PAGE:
As of May 25th, every business that stores or processes data of people living in the European Union needs to be ready to comply with the General Data Protection Regulation, or GDPR. Approved in April 2016, enforcement of this new regulation will begin soon, meaning any company not in GDPR compliance can face considerable fines.
If you’re already complying with the Data Protection Act, or DPA, you’re off to a good start. To help you understand the changes coming, we’ve invited award-winning business lawyer and leading expert on GDPR, Suzanne Dibble, to offer her advice about GDPR compliance.
What is GDPR?
The General Data Protection Regulation (GDPR) is a new law in the European Union that aims to give individuals more rights over their data and to restrict how companies process private information.
Basically, GDPR is raising the standard of protection of data, which requires companies to be transparent and upfront about data usage, provide sufficient security for data, avoid taking more data than necessary and delete unused data.
Here’s what you can do to make sure your company is GDPR compliant.
1. Review GDPR for Your Business
Every company should be aware of the elements of GDPR and assess any changes that impact the business. Update decision makers about the upcoming changes to ensure that everyone is on the same page, especially since some of these changes may affect multiple departments.
For businesses operating in the EU, GDPR applies in totality. If you’re a U.S.-based business, however, GDPR only applies if you’re processing data of people in the EU with the intent of offering them goods and services or monitoring their behavior. This can include email marketing or Facebook advertising to EU customers.
2. Take Data Inventory
Consider the personal data that you collect and store, along with what you do with it and with whom you share it. Your processing activities should to be recorded, and it’s best to have effective policies and procedures in place to protect your business and your customers.
4. Determine Legitimate Interest and Consent
Legitimate interest is when you have an interest in the data that you balance with the rights and interests of the data subjects. The more sensitive the data, the more this interest balances in the favor of the data subjects. This typically applies to a pre-existing relationship between your business and the data subject or customer. For example, your company can send an existing customer marketing emails because there’s an established business relationship, so consent is not necessary.
Consent under GDPR is a higher standard than the previous regulations. Businesses now have to use plain, clear language about what’s being sent to customers. For example, a business can’t say, “Sign up for my lead magnet.” and send marketing emails to the customer. You can ask for newsletter signups, however, and tell customers that signing up may include information about promotions or a free report.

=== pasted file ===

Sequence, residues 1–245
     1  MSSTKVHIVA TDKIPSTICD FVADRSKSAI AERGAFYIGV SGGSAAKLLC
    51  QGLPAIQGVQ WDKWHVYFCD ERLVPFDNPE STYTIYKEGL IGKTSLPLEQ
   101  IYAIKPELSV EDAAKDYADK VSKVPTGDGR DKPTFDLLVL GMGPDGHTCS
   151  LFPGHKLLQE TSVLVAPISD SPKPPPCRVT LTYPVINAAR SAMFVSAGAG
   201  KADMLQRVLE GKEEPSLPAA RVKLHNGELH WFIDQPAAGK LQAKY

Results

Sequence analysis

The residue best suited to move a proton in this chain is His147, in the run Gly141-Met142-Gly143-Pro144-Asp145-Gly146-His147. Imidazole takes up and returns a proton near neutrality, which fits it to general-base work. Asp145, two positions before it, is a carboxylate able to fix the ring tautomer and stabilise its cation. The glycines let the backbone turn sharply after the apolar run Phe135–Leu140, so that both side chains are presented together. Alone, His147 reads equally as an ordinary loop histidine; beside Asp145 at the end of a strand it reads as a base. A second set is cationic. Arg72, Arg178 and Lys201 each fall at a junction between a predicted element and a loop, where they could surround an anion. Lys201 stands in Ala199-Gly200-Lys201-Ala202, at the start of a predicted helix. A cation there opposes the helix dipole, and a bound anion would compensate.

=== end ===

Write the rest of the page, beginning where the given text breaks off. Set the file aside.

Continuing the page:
6. Get a Processor Agreement
Data controllers and data processors refer to the owner of the business and owner of the email list. In many small businesses, this is handled by the owner. If your business uses a virtual assistant or team that processes data, however, they should have similar protections as the owner in the form of a processor agreement. This agreement includes anyone who has access to your customers’ data and further protects your business and your customers’ privacy.
7. Assess Risk
Failing to comply with GDPR gives rise to several risks. A customer can complain to a regulatory authority about being spammed by your business, which could lead to an investigation and a hefty fine. A customer can also sue you individually, but the chances of that are low. In either case, the hassle and uncertainty of a customer complaint, the damage to your brand and the potential for a class-action lawsuit are all possible risks of non-compliance.
This comes down to your own risk analysis. Generally, being as transparent and up-front as possible, even if every last detail isn’t in place, will go a long way toward compliance.
8. Prepare for the Future
GDPR may be stressful, but this is where the future of data protection is heading. It’s also good business practice to show respect for your customers’ data and put plans in place to protect their privacy.
Stay informed about the new regulations and take steps to become compliant. Tidy up your business practices and put your focus on privacy and protecting people’s data, which will put you 50% of the way there.
BONUS: Get Your GDPR Compliance Pack
We hope that some of the myths and confusion surrounding the GDPR and what it means for your business are now cleared up. If you still need help bringing your business up to GDPR compliance, we have just what you need. Suzanne Dibble is offering a GDPR Compliance Pack that includes all the necessary documents, as well as videos and notes to help you fill them out and some helpful tips along the way. Get yours here!
If you’re looking for guidance with marketing, sales prospecting or modern entrepreneurship, Mojo Global can help. Contact us today to see what we can do for you and your business!